Tuesday Google announced a New Charts Editor in Google Docs. This is important because Google continues to improve it’s spreadsheet offering in the cloud. And while in my opinion, Excel will always be the king of spreadsheets, Microsoft has to be aware that many younger people may very well use spreadsheets in Google Docs because it’s free. Hence, a new generation of people that may grow up without Excel.
There’s a short video on the Google Docs Blog about the new Charts Editor in Google Docs. They also show a few screen shots of some, but not all of the chart offerings.
Annotated Time Line
The Sparkline chart isn’t shown in the blog article, but you can give the new charts editor a try at goo.gl/newcharts. I think their Sparkline charts are kind of big and bulky, but that’s just me.
In the year 2000, I began to use Microsoft Query to pull data from corporate client’s database tables, using their raw data to create PivotTable reports. Each table required a different query, each linked by using VLOOKUP formulas. And of course the data had to be restricted to Excel’s 65,536 rows.
Soon I was having clients write queries to get around using VLOOKUP formulas and started pulling data into Microsoft Access to get around the row limitations. But to get data into Microsoft Excel, the primary interface was Microsoft Query. I don’t know the history of this program but it served me well, even though it’s old, clunky, and not supported very well.
PowerPivot is a program that works with Excel 2010 to do some amazing things.
Import hundreds of millions of rows of data
Import data from multiple sources
Build relationships from imported data
Visualize the data with PivotTables and PivotCharts
If any of this sounds remotely interesting you can check it out for yourself on the PowerPivot website. Better yet, check out the video page where you can see an Overview (there’s three of them, the first one is enough to get the idea), check out how to download and install the PowerPivot program, and see the Importing Data video series.
Here’s a screen shot from the first video in that series.
And if that isn’t enough, you can even check out a demo.
The gold standard for Microsoft Excel is the latest Windows version, Excel 2010, and the gold standard for tablets is the iPad. The OnLive Desktop App brings them together.
If you love Microsoft Excel and have an iPad, then this app is for you. I could go on and on and on about what a great combination these are, but I won’t. Instead I’ll give you an overview and let you rush right out and experience it for yourself.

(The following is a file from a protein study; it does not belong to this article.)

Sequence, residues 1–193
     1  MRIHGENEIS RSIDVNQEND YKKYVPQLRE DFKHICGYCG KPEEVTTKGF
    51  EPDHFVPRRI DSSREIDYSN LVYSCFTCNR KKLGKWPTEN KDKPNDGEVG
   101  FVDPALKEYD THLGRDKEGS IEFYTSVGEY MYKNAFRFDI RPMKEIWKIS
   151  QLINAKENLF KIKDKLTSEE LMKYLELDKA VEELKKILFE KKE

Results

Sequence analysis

The OnLive Desktop is an iPad only app that’s free in the iTunes App Store. Download the app, then sign up for a free account, and you get 2 GB of online storage.
Once you launch the app and sign in to your account, a remote Windows desktop appears. You not only get the full version of Microsoft Excel 2010, but also Office 2010, with PowerPoint and Word.
You can create files from your iPad and save them to your online account. You can also upload files from your computer to your online account, then access and edit them from your iPad.
The Windows desktop comes with some other features that are nice to play around with, but what strikes me is how easy it is to use Excel on the iPad. It’s far and away the best user experience with Excel on the iPad, or any spreadsheet on the iPad.
Anyway I’ve said too much already. You’ll have to try this out for yourself just to believe how truly amazing it is. I’ll leave you with a few screenshots to whet your appetite.
OnLive App iPad Screen Shots
Yes, that’s right, OnLive Desktop has to use a non-iPad keyboard. But that’s not a deal-breaker.
Since you’re accessing a remote Windows desktop, you would think there’s a big delay between your actions and the program’s response. Not so, it’s really is very quick.
One caveat is that with the free account you may experience a delay in connecting to the remote desktop if the servers are busy. Premium accounts (people that pay money) get priority on connectivity. I experienced a couple of slight delays in my tests before I was allowed to connect. A minor inconvenience for me.
Nevertheless this whole experience is free and damn well worth the effort to check it out. That’s my story, and I’m sticking to it.